The term “inflammation” is thrown around a lot in popular diet culture, but it’s not entirely clear what’s inflamed. When part of your body is damaged, it heals itself through inflammation, which is an immune response.
When you hurt something and it swells, that’s the immune system signaling to the body that you need more blood in the affected area. Blood contains the nutrients your body needs to heal itself, which is why it gets pooled in an injured area. Inflammation can also be a response to an infection, with the immune system signaling that there’s an unwanted pathogen.
This process is known as acute inflammation, which is a direct response to a problem. Theoretically, once your body is able to heal itself or prevent infection, it can decrease inflammation. Chronic inflammation is more problematic, where the inflammation doesn’t go down. Rheumatoid arthritis is an example of chronic inflammation.
An anti-inflammatory diet should help with such conditions. There are a few basic concepts to stick to if you want to prevent or treat chronic inflammation. First, try to identify and eliminate foods that you’re sensitive to. Any unknown food allergies can cause inflammation and discomfort.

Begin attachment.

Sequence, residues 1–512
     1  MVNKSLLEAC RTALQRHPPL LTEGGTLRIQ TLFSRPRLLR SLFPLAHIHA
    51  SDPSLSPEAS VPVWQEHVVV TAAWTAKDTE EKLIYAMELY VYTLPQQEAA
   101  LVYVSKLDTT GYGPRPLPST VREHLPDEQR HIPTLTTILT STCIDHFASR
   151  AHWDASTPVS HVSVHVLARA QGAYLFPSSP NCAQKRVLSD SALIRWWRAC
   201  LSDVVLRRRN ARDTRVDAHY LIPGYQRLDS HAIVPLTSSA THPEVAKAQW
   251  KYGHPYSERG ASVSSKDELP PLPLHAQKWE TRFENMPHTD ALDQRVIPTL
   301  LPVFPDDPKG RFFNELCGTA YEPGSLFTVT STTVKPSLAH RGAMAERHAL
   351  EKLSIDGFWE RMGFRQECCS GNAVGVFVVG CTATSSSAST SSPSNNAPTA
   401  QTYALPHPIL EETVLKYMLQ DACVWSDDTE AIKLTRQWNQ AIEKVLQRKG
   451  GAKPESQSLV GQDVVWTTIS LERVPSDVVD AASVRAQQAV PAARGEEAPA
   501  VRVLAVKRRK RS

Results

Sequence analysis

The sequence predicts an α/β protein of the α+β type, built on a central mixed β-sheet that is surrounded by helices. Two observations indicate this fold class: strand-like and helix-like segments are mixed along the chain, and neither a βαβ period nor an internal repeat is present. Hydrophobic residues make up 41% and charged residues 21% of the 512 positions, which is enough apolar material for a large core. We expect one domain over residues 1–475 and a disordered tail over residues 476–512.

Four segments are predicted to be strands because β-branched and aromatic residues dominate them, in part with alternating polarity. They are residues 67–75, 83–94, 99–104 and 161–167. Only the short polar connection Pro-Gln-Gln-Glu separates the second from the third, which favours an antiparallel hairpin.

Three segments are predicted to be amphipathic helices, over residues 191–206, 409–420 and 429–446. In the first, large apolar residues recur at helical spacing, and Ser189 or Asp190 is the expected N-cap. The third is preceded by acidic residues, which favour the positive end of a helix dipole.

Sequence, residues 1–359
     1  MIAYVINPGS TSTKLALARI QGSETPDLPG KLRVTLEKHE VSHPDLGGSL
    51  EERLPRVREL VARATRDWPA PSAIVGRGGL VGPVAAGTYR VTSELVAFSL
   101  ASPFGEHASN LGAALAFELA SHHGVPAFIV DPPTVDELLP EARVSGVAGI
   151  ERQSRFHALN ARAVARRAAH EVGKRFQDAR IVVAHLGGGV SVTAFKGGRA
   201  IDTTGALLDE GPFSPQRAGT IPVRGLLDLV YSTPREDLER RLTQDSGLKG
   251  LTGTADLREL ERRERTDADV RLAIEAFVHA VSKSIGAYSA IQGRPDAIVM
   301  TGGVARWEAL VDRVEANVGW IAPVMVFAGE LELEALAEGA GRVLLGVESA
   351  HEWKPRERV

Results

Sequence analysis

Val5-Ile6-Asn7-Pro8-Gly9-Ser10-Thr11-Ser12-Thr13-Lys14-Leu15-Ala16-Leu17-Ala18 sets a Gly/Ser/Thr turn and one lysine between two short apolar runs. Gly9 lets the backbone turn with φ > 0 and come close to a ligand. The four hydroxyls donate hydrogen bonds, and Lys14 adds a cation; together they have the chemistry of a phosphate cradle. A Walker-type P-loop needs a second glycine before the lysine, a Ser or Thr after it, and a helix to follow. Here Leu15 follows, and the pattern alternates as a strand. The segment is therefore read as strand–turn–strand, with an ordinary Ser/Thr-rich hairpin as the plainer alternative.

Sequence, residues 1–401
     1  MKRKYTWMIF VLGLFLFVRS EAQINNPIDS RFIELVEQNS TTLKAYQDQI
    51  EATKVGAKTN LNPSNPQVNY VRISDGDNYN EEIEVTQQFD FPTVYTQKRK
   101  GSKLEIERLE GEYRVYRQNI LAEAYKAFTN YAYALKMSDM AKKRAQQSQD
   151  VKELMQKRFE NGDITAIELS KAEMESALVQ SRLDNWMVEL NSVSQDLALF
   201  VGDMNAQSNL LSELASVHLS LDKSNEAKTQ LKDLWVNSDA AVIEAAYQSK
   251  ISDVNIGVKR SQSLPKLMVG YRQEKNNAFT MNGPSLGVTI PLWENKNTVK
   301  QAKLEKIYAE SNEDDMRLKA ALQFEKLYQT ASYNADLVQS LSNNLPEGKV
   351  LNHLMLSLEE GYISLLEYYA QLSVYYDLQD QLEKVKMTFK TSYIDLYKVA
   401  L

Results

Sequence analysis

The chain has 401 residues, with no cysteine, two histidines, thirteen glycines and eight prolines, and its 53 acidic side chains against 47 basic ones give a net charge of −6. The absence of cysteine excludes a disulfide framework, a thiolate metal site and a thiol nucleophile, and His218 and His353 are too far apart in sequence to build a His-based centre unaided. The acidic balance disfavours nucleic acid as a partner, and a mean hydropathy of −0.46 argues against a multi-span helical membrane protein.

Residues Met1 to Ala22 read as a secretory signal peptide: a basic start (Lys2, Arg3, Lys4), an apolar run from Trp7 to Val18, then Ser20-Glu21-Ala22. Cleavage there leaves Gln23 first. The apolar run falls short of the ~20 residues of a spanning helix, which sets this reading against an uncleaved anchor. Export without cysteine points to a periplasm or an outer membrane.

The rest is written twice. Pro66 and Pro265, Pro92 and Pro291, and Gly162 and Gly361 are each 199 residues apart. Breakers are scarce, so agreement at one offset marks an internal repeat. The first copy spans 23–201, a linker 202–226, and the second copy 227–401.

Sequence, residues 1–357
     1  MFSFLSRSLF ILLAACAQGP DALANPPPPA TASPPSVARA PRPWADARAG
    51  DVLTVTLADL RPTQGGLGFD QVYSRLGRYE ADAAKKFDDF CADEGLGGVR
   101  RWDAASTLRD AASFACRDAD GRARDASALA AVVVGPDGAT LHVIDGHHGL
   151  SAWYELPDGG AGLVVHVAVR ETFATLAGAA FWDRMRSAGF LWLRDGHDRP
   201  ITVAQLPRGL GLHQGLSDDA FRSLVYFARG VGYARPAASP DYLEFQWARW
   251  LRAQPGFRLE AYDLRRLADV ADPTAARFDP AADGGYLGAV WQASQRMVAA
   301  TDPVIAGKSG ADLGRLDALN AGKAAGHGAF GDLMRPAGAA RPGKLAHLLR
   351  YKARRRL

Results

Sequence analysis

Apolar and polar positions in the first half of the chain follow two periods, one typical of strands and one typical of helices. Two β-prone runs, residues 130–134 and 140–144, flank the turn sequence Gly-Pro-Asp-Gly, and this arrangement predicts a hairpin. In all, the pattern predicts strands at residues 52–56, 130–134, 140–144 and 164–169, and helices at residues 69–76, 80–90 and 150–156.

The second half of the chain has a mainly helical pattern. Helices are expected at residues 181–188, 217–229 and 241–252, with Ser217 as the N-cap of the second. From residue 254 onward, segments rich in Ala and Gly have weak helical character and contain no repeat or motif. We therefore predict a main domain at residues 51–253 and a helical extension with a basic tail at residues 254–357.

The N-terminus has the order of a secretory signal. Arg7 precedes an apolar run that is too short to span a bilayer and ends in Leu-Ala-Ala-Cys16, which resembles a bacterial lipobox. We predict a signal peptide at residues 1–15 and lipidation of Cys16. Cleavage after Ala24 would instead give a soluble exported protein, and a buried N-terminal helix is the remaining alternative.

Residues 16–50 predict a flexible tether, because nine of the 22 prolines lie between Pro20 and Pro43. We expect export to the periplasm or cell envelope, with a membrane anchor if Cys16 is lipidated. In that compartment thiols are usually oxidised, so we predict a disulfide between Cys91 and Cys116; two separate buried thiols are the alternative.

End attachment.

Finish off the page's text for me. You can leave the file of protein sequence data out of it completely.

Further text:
Avoid processed foods as best you can. Sweets, snack foods, processed meats, fried foods and sugary beverages are all examples of processed food. Excess sugar and sodium are warning signs to watch out for.
Focus on whole foods, such as vegetables, fruit, rice, oats, nuts, seeds, and unprocessed meats. There are a few diets that fit these requirements, such as the Mediterranean diet and DASH diet. If you’re struggling to figure out what to eat, using these as a template can help.
Do these diets do what they say they will? Possibly. There are a lot of observational studies that show positive results, but more research is needed. Observational research doesn’t prove that a certain diet causes changes in the body. It simply proves that more people who eat anti-inflammatory diets see benefits.
Experiments can help prove the results of these studies, but until then, switching to an anti-inflammatory diet isn’t harmful and might even be helpful for your overall health.